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Definitions: NPV, IRR, ROI and payback

Learn the definitions for commonly confused terms related to return on investment (ROI) in this expert Q/A.

Could you, please, define the following terms?

  • Net present value (NPV)
  • Internal rate of return (IRR)
  • Return on investment (ROI)
  • Payback

I went to Ventureline.com, where they have a very nice dictionary of accounting terms, and looked these up since they always give me trouble remembering which is which.

NET PRESENT VALUE (NPV) is a method used in evaluating investments, whereby the net present value of all cash outflows (such as the cost of the investment) and cash inflows (returns) is calculated using a given discount rate, usually required rate of return. An investment is acceptable if the NPV is positive. In capital budgeting, the discount rate used is called the hurdle rate and is usually equal to the incremental cost of capital.

INTERNAL RATE OF RETURN (IRR) is also called the dollar-weighted rate of return. IRR is calculated as the interest rate that makes the present value of the cash flows from all the sub-periods in an evaluation period plus the terminal market value of the portfolio equal to the initial market value of the portfolio.

RETURN ON INVESTMENT (ROI) is a profitability measure that evaluates the performance of a business. ROI can be calculated in various ways. The most common method is Net Income as a percentage of Net Book Value (total assets minus intangible assets and liabilities).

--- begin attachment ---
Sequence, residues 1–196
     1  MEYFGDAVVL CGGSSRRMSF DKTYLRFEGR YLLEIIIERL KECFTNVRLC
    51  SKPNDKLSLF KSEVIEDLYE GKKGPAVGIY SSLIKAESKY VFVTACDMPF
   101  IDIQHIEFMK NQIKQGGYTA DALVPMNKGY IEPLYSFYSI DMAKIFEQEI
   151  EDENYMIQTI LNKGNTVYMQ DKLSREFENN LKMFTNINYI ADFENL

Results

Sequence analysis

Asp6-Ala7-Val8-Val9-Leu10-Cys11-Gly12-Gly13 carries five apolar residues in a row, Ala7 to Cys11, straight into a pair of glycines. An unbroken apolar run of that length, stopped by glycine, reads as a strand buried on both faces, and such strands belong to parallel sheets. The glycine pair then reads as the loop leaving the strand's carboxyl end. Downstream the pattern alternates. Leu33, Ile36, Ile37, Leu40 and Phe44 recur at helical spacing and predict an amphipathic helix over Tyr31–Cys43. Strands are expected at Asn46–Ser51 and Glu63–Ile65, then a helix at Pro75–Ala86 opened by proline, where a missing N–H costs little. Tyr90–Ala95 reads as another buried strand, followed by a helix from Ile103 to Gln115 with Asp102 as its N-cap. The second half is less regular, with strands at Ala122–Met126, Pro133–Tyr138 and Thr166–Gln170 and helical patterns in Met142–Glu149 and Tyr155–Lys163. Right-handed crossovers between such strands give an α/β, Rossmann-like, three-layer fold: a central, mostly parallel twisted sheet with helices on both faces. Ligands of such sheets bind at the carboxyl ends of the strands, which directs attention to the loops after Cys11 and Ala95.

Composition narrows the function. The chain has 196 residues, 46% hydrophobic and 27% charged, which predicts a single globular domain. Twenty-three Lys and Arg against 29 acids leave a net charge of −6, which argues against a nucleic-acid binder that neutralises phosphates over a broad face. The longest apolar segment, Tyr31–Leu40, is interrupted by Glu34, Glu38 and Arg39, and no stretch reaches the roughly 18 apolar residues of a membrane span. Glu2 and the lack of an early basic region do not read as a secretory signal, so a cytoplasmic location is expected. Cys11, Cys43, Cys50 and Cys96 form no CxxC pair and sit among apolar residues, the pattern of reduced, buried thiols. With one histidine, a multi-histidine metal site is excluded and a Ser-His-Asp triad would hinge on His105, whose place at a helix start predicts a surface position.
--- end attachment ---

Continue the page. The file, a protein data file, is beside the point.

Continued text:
Other ways to measure payback include the following:

RETURN ON ASSETS (ROA) shows the after tax earnings of assets. Return on assets is an indicator of how profitable a company is. Use this ratio annually to compare a business' performance to the industry norms: The higher the ratio the greater the return on assets. However this has to be balanced against such factors as risk, sustainability and reinvestment in the business through development costs.

RETURN OF CAPITAL is the distribution of cash that resulted from tax savings on depreciation, sale of a capital asset or securities, or any other sources unrelated to retained earnings.

RETURN ON CAPITAL EMPLOYED (ROCE) is a measure of how effectively the company is using its capital. The formula to measures the return on all the assets the company is using: Profit before interest and tax (PBIT)/(total assets - current liabilities).

RETURN ON EQUITY (ROE) measures the overall efficiency of the firm in managing its total investments in assets and in generating a return to stockholders. It is the primary measure of how well management is running the company. ROE allows you to quickly gauge whether a company is a value creator or a cash consumer. By relating the earnings generated to the shareholders' equity, you can see how much cash is created from the existing assets. Clearly, all things being equal, the higher a company's ROE, the better the company.

RETURN ON INVESTED CAPITAL (ROIC) is a measure of how effectively a company uses the money (owned or borrowed) invested in its company operations. It is calculated by: net income after taxes/(total assets less excess cash minus non-interest-bearing liabilities).

 

This was first published in March 2004

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